Do you also support/plan to support printing reports for data generated inside application ?
For example for me, getting data from database is not a problem - I have to do it anyway. Things printed are not simply results of some sql mangling - they need some/a lot of of munching inside application. So what I'm looking for is ability to feed my own data to reports, at the same time having possibility to reuse your layout engine/printing utils etc.
Second question is how much control over layout sheets do you plan to implement from inside program. I'm talking about stuff like hiding some columns, changing fonts and colors etc. I suppose it is non-critical, as I can always work directly with xml through one of java apis, but having nice report control API would be possibly nicer.
I'm asking this questions, because my company will be looking for some report package with source available. We have plans to roll out our own stuff if we will not find anything usable (and we have to be able to modify source, as we had bad problems with previous report package - which could be trivially fixed, given access to source...). I suppose that most (if not all) of changes we will make would go back here. But as I say - our main interest is in layout engine, not database access helpers.
I've downloaded source now and will look into it :)
I have not planned to support printing reports for data generated outside of DataVision. I have thought about writing a layer that would let DataVision read a data file (for example, comma-separated or XML) instead of run a SQL statement, but that is low on my list.
That said, take a look at the jimm.datavision.Layout class; you may be able to rip it out and use it.
Control over layouts will be at runtime, at both the field and the section level. Sections will have "suppression procedures": boolean expressions you can write that are evaluated at runtime to show or hide a section. Same for fields. This is similar to what Crystal Reports has.
In the far future, you will probably be able to control font color and other attributes (say, red for negative numbers) similarly.
I'm glad you're looking at the source. Any comments would be appreciated.
Just an idea and probably not very hard to implement. Maybe I could do it when I upgrade my stone-aged P1200Mhx/64MB machine to a modern age.
Let's implement InMemoryJdbcDriver, which does nothing but provide a read access to memory structure.
Read access should do fine in DataVision and other read-only scenarios, right???
What jdbc column datatypes DataVision supports atm?
What metadata methods should be provided?
(resultset, databasemetadata requirements)
How is SUM/AVG and other aggregate functions performed in DataVision reporting engine. It does not require such aggregates supported in an underlying database engine, but loops and calculates own summaries?
Should jdbc driver support transactions, previous/next row iteration?
-> is next row iterarion ok, without a previous steps?
Users could load data into InMemoryJdbcDriver before "connecting to a database".
Additional myDataResolver implements a simple interface, which should provide few methods:
getString(int), getLong(int), getBoolean("colName")
Implementing this interface would provide a basic column getters, so that users could use existing datamodels here. Resolver is only a bridge between DataVision and xyz-datamodels.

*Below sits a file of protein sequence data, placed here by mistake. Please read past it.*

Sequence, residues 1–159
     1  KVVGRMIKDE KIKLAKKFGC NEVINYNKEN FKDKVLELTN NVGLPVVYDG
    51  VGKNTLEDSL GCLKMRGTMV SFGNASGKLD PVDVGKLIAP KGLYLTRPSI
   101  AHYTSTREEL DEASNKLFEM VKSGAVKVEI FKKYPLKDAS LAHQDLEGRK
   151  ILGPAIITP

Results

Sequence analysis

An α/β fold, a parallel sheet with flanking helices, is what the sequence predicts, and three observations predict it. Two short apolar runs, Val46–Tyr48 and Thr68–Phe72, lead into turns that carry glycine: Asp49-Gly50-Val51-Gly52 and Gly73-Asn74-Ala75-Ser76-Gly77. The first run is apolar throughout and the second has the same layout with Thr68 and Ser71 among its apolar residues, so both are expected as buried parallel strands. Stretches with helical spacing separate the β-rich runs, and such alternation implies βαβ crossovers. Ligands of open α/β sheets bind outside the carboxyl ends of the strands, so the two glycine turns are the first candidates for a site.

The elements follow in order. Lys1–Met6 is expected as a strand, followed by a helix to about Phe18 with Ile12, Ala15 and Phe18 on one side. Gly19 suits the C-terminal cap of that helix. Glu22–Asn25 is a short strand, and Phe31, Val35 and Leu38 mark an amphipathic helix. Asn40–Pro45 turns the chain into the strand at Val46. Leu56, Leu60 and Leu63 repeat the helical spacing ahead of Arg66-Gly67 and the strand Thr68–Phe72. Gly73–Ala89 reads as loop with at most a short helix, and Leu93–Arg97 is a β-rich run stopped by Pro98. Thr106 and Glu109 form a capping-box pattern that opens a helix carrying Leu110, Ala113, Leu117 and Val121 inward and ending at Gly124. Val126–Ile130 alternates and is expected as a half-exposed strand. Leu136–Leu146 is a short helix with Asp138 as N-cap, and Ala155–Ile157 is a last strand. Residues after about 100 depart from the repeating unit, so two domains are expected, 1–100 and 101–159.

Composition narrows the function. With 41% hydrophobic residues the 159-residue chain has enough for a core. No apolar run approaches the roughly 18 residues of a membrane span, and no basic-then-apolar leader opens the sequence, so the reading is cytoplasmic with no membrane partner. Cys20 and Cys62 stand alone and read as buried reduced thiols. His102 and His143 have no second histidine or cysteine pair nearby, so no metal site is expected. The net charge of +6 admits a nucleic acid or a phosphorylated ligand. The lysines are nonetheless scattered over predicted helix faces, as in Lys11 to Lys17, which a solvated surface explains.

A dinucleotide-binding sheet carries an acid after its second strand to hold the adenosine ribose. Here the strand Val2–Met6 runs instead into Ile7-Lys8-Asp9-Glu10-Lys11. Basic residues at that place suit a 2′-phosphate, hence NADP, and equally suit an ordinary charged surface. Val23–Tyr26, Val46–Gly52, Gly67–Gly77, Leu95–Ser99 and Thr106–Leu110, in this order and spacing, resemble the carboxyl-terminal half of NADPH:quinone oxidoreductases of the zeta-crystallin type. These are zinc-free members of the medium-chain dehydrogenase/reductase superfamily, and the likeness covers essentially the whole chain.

metaDataDescription should provide column types, lenght, etc... information to be used on each table. Or should driver resolve this info directly from xml,cvs datafiles..hmm...
There are restrictions:
Users cannot link tables, only sql formula supported is "Select * From tTableA".
No filtering provided such as "where col='ABC'"
xml/csv/txt file must be fully constructed prior loading it to a memory driver.
Is that too wild idea?
My machine is PentiumI 200Mhz/64MB, not P1200Mhz as previous msg might say.
I want to abstract out all data access so we can have "pluggable" data sources just like we have pluggable layout engines.
I need to think about what interface will be required, and need to document that.
Formulas, sums, etc. are all calculated by DataVision as it loops through the data. It does not rely on the database.
DataVision *does* use previous() and last(). It is possible to rewrite DataVision so that it does not use these, but that will be a bit of work. Basically, I will have to cache the previous row of data.
previous/next are quite database specific. For other sources it could be possible to require ALL data to be available at once and create small wrapper.
Anyway, I would suggest leaving core as it is (using previous/next logic, just not on ResultSet, but some interface) and provide some wrappers around different datasets. In case of ResultSet it could call underlying methods directly, in case of explicit data in form of array/table, wrapper could remember last row accessed and just update internal index.
For application-provided datasets, I think it will be best to just require all of stuff at once. Maybe with 100 page reports it would make a difference, but for smaller cases it is easiest for app to do this and helps to avoid unneeded synchronization/messing with threads.
Yep, having a DataVisionModelInterface would give a flexibility to provide an in-application data for reporting engine. This would eliminate the need of java.sql package if one is not required.
..I see the thread on this subject is a bit old....Mr. Menard - was this feature added between now and then (reporting from non-db data?).
I use mpxj to suck MS Project data into an array, and I would like to use datavision to report on it.
Great product, thanks for all your effort.
DataVision can read from char-separated text files (comma- or tab-separated csv files, for example). See the User's Manual for details and the charsep* files in the examples directory.